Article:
Friday, April 8, 2011

Letter from Queens

Dear Noe and Asher,

This past weekend when I was in NYC, I had some time to go and visit our first Queens neighborhood.

This was our apartment. We brought both of you home from the hospital to this place (Noe via cab, Asher via subway). It was a one-bedroom prewar apartment with beautiful parquet floors, plenty of detailing, and a kitchen and bathroom that never seemed to have escaped the war. Our windows looked into the next apartment building, and we had enough trouble with cockroaches that to this day, I still cannot go to bed until the kitchen is clean and all dishes are washed.

Having one bedroom with two babies was a challenge. As an infant, we often let Asher nap in his car seat in the bathroom because it was the quietest place in the apartment. We even began to refer to the bathroom as "Asher's bedroom."

This was our neighborhood train stop. I have "great" memories of hauling you both up and down the stairs (there was no elevator). Usually, I hauled Asher up the stairs in the stroller while holding Noe's hand. Sometimes, men would volunteer to take the stroller for me. It made me a little nervous, but I usually said yes and was grateful for the help. Noe, especially, loved riding the train. He knew where all of the train stops were in our neighborhood and in some outlying neighborhoods as well. When we went for a walk, he often led me to a train stop.

This was the playground across the street from our apartment. The play equipment has been replaced since we lived in the neighborhood. During the summer the playground was packed full of kids of all colors, speaking every imaginable language. A favorite memory was watching a group of kids with Jamaican accents reinact scenes from "Full House" on the monkey bars. A not-so favorite memory would be the kids who were allowed to urinate at the back of the park, which made the entire playground reek of urine during hot summer days.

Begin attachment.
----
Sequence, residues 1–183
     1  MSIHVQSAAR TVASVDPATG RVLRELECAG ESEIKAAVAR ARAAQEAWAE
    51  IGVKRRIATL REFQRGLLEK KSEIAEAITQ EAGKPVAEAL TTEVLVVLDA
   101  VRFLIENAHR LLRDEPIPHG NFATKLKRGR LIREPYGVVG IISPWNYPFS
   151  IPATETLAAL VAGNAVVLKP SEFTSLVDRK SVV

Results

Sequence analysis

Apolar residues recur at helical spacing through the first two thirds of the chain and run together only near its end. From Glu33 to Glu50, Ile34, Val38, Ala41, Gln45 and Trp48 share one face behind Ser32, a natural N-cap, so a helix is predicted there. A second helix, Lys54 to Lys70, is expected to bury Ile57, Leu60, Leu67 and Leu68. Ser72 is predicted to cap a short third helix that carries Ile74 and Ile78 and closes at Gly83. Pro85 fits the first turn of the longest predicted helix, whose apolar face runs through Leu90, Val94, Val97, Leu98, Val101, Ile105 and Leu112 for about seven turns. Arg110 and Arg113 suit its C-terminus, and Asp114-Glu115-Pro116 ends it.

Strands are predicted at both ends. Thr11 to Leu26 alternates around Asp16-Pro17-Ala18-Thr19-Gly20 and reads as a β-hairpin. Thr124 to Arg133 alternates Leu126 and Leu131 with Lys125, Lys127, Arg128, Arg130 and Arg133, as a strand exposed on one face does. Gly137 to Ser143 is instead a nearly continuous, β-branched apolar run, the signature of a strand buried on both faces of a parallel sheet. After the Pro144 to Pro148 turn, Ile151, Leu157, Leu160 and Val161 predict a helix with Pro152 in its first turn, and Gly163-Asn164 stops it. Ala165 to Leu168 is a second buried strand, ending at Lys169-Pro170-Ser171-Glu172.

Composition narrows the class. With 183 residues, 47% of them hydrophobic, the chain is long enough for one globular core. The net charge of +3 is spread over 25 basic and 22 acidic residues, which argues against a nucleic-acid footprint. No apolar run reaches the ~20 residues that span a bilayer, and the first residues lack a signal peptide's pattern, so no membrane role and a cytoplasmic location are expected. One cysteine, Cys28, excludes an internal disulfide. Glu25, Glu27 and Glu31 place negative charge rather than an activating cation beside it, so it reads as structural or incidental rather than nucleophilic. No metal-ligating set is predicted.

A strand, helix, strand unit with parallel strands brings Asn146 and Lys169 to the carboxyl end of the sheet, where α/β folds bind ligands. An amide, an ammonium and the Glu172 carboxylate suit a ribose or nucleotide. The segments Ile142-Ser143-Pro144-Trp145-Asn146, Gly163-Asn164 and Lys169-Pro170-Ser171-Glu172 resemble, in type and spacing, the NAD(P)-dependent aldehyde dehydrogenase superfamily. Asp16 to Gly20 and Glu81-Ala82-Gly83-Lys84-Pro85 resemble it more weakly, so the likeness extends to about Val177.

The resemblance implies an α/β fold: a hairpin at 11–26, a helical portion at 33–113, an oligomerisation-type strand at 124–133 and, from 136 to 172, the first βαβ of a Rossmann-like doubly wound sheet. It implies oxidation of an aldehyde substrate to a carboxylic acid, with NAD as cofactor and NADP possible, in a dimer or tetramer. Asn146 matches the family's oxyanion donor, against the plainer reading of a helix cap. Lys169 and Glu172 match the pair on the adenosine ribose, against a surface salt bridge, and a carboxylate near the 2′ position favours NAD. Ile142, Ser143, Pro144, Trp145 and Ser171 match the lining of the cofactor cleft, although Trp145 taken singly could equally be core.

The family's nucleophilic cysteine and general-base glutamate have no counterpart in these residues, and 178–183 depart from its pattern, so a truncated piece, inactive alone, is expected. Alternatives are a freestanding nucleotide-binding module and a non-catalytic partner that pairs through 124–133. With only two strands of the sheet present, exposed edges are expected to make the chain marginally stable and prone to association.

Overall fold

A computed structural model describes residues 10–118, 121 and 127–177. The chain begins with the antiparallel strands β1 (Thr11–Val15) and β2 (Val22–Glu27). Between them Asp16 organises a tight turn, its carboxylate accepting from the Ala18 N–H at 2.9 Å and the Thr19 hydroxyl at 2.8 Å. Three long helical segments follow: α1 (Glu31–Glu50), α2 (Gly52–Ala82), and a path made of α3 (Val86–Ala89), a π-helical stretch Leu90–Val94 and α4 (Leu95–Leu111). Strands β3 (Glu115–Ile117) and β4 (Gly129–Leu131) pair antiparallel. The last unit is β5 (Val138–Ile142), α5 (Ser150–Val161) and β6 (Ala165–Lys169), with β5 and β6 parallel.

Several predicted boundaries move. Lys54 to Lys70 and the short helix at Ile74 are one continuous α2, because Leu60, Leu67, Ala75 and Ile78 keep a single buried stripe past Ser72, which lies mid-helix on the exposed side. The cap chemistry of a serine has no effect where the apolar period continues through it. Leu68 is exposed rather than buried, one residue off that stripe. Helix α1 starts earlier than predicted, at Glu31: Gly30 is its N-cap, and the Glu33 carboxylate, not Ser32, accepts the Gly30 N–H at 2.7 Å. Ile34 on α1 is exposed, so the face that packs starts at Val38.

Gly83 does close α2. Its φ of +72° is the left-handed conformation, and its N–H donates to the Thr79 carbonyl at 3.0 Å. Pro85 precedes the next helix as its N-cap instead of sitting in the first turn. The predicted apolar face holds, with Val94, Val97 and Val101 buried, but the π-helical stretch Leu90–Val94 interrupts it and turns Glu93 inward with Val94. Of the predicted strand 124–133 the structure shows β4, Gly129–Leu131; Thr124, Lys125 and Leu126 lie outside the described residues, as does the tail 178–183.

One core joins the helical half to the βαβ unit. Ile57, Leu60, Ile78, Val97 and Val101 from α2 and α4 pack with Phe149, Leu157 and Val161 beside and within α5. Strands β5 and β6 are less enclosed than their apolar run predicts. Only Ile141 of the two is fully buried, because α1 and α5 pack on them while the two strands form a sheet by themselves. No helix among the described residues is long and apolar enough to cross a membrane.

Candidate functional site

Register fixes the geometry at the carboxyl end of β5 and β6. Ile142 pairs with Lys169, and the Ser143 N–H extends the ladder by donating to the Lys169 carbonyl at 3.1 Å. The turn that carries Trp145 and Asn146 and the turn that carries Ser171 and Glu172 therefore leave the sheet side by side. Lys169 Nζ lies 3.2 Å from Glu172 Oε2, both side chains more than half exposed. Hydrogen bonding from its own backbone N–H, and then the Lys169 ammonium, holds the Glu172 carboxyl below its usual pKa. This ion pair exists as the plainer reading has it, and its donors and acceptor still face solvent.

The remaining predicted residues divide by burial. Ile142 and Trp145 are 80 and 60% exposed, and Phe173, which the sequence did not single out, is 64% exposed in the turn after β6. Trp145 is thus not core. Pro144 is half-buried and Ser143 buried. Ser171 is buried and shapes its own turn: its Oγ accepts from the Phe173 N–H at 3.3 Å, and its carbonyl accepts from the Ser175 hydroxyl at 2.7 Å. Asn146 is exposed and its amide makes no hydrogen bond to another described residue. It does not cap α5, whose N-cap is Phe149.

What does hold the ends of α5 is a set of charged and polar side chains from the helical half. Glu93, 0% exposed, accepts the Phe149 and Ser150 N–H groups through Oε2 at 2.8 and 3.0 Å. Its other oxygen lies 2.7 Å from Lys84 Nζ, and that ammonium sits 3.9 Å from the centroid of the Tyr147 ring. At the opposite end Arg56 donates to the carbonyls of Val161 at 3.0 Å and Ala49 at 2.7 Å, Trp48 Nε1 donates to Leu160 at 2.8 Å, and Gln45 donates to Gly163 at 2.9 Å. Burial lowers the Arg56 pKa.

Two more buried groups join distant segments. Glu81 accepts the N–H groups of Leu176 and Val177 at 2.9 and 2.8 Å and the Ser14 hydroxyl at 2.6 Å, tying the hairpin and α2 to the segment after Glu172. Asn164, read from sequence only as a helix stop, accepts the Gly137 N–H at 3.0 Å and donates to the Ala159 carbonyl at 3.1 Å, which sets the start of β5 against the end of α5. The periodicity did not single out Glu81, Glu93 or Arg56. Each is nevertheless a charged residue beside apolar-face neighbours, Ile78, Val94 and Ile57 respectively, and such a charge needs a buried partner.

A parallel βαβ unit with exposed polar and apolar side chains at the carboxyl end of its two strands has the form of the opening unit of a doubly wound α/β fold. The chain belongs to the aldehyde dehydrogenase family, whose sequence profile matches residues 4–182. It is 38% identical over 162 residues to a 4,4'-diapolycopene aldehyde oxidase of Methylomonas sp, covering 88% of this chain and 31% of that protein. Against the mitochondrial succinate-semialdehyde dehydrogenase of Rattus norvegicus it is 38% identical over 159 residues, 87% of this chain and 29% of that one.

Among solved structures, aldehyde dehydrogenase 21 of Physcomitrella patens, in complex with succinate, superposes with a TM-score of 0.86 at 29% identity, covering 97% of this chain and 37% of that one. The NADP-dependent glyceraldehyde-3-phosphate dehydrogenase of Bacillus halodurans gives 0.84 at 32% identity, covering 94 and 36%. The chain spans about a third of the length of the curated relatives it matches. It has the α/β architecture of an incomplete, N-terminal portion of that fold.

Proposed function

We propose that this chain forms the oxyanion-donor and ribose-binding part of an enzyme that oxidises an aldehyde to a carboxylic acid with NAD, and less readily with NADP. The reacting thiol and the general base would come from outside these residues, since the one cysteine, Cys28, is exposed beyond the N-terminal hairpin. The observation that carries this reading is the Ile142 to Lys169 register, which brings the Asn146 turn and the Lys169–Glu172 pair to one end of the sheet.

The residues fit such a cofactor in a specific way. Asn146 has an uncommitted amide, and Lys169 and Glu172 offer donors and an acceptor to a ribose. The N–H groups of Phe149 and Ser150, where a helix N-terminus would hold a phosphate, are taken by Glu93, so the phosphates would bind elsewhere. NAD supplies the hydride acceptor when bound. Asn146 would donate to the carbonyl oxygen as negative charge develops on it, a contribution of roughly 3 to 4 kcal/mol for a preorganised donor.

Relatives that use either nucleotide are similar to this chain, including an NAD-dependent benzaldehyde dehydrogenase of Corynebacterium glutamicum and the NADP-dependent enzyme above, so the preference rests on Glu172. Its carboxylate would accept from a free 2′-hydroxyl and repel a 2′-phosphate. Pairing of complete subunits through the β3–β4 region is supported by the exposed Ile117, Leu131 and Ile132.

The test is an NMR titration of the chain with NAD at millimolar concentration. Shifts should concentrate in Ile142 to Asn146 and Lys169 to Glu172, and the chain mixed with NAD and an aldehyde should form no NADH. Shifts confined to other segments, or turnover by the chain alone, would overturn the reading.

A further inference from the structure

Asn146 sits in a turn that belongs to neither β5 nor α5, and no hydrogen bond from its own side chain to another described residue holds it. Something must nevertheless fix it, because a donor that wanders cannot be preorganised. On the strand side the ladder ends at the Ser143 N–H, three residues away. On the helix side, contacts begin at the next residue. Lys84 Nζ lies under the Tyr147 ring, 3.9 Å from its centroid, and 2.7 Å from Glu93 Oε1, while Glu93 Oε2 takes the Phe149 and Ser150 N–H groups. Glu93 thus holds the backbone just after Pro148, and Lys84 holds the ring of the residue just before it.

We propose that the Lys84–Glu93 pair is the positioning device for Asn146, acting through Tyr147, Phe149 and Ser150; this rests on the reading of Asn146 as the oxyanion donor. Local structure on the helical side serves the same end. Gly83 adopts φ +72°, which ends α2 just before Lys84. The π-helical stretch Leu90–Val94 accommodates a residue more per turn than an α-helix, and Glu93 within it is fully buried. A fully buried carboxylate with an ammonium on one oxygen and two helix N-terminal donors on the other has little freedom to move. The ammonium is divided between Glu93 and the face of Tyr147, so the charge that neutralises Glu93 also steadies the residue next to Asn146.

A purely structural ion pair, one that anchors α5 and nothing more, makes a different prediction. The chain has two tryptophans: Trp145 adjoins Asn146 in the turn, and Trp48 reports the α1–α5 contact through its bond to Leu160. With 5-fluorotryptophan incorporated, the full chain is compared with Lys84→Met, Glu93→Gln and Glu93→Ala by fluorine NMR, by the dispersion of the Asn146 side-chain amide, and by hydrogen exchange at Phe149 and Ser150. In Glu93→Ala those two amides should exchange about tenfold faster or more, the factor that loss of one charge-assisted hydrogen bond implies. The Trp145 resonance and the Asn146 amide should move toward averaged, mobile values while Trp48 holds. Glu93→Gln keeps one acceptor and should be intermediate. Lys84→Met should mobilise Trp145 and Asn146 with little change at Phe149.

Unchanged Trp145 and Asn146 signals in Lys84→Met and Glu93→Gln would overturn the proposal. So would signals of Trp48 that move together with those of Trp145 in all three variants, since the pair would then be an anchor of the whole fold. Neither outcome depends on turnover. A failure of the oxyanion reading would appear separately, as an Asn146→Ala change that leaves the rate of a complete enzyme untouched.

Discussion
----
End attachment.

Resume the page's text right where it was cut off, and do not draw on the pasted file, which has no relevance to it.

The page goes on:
This was the concrete playing field next to the playground. Depending which nationality claimed the field, we would watch baseball, soccer or cricket games. We heard their games through our apartment window late into the evening on hot summer nights.

This was the Catholic church down the street from our apartment. Many of our elderly Irish neighbors attended mass here every morning. The picture does it no justice, it was a beautiful building and I looked forward to walking by it every day.

This was the neighborhood school, PS 150. This is the school you would have attended if we had stayed.

It is hard to walk around our old neighborhood without getting emotional. Every corner has a memory: The Korean grocer that always had a treat ready for Noe when we came in to shop, the street corner (43rd Ave. 42nd St) where we decided on Noe's name when I was seven months pregnant, the park where Asher and I ran into Mayor Bloomberg, our favorite neighborhood diner and their famous sweet potato fries. New York has a way of making life's highs even higher, and its lows even lower. Our friendships were sweeter, our successes greater, and our challenges seemed harder.

Life indeed got very hard. After Noe's diagnosis, we had a very difficult time finding the therapies and services that he needed, and I was unsure if I could keep you both safe and happy with so little help.

Until this last trip, I often wondered if we made the right decision to leave. I thought that perhaps there was something that this vibrant and diverse city had to offer that you needed in your growing up years.

But when I walked through our old neighborhood last weekend, I realized that you are both thriving in DC and I had a hard time picturing our present life in New York. And I finally knew we made the right decision. Getting on that train to Manhattan was like shutting and sealing that chapter of our lives for good.

Love, Mom